laws could also have been swiftly amended to deal with any gaps
- Politicians are just trying to come up with excuses
- Emergency Regulations are overbroad and prone to abuse
- We could have made meaningful progress in preventing the attacks
- Prime Minister Ranil Wickremesinghe told Skynews that there were no laws in Sri Lanka to arrest those who joined foreign terrorist groups and returned to the country
In the wake of the Easter Sunday terrorist attacks, a question has emerged regarding the inadequacy of the existing laws to combat terrorism, and whether new laws should be brought in to counter international terrorism. Prime Minister Ranil Wickremesinghe told Skynews that there were no laws in Sri Lanka to arrest those who joined foreign terrorist groups and returned to the country.
Laws to arrest IS members
Speaking to the Daily Mirror, Attorney-at-Law Thishya Weragoda said that those who joined foreign terrorist organisations could have been arrested under the Prevention of Terrorism Act. “The PTA clearly says whether it is done within Sri Lanka or outside Sri Lanka, if it is an unlawful act within the meaning of the PTA, it falls in. Unlawful acts are what falls within Section 2 of the PTA. So if a Sri Lankan commits terrorist activities in another country we can’t say we don’t have any laws. It is covered,” said Weragoda.
Legal Expert Dr.Asanga Welikala said that the International Covenant on Civil and Political Rights Act 2007, Suppression of Terrorist Bombings Act 1999 and the UN sanctions against IS could have also been used.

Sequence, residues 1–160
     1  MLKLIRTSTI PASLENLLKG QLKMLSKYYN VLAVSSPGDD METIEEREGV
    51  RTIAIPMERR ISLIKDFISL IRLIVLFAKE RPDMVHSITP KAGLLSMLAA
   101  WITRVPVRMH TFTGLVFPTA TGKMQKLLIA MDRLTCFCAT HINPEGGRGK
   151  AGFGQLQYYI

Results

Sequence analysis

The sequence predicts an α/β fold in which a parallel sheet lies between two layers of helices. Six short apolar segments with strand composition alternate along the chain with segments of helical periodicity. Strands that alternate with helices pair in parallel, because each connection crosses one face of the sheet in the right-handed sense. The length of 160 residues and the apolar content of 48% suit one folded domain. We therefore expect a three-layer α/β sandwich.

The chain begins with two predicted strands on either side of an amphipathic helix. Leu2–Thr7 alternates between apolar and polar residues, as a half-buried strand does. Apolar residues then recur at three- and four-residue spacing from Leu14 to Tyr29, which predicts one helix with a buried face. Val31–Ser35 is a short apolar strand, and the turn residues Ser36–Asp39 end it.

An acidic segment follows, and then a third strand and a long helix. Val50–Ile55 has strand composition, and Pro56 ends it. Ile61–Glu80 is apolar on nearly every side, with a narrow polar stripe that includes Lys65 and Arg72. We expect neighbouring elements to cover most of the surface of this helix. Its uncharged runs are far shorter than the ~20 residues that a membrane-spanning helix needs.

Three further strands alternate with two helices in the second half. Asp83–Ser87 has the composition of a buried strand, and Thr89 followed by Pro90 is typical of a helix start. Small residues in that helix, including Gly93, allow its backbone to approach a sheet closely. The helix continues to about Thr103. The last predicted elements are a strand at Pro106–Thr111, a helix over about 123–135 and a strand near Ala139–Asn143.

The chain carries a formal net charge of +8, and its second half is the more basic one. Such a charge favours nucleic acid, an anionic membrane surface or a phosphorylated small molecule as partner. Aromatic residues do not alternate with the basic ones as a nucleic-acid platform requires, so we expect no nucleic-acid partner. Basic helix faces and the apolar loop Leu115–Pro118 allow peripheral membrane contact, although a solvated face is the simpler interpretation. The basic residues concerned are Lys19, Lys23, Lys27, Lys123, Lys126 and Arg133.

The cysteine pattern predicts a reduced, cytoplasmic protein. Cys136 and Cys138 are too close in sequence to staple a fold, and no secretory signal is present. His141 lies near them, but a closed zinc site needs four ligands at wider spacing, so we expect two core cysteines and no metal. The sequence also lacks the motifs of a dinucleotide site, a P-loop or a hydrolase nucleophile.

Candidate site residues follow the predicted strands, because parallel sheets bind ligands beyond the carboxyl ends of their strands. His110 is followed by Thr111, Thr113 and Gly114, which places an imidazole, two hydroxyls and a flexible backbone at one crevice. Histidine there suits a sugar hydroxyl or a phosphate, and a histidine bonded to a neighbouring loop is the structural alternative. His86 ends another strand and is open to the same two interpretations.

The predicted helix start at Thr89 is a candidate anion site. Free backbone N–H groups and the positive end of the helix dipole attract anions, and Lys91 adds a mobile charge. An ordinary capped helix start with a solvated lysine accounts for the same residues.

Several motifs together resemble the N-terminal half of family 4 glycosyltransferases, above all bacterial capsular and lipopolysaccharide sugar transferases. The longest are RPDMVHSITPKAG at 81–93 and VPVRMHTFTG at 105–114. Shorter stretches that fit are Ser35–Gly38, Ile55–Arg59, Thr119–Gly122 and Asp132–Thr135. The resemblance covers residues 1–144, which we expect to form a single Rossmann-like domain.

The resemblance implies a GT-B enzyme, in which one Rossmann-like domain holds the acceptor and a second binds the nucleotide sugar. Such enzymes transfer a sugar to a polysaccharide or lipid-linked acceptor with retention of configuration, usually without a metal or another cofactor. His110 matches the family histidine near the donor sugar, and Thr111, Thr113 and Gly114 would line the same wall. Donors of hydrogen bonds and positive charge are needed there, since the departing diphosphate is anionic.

“The International Covenant on Civil and Political Rights Act 2007 makes it a criminal offence to incite religious hatred and to propagate war. This Act also makes it a criminal offence to attempt, aid, abet, or threaten to commit acts of inciting religious hatred or propagate war. There is the Suppression of Terrorist Bombings Act 1999 which again covers attempts to commit, or aid and abet terrorist bombings. There are also various provisions in the Penal Code in relation to murder, hurt, use of criminal force, and criminal conspiracy, as well as attempts to commit any of these offences, that could have been used,” Dr. Welikala told the Daily Mirror.
According to Section 2 of the Penal Code the offense can be committed within or outside Sri Lanka and will fall under the Penal Code. Further, according to Section 9 (1) (f) of the Judicature Act, the High Court has jurisdiction to hear cases on offenses committed by a Sri Lankan outside its (Sri Lanka’s ) territory.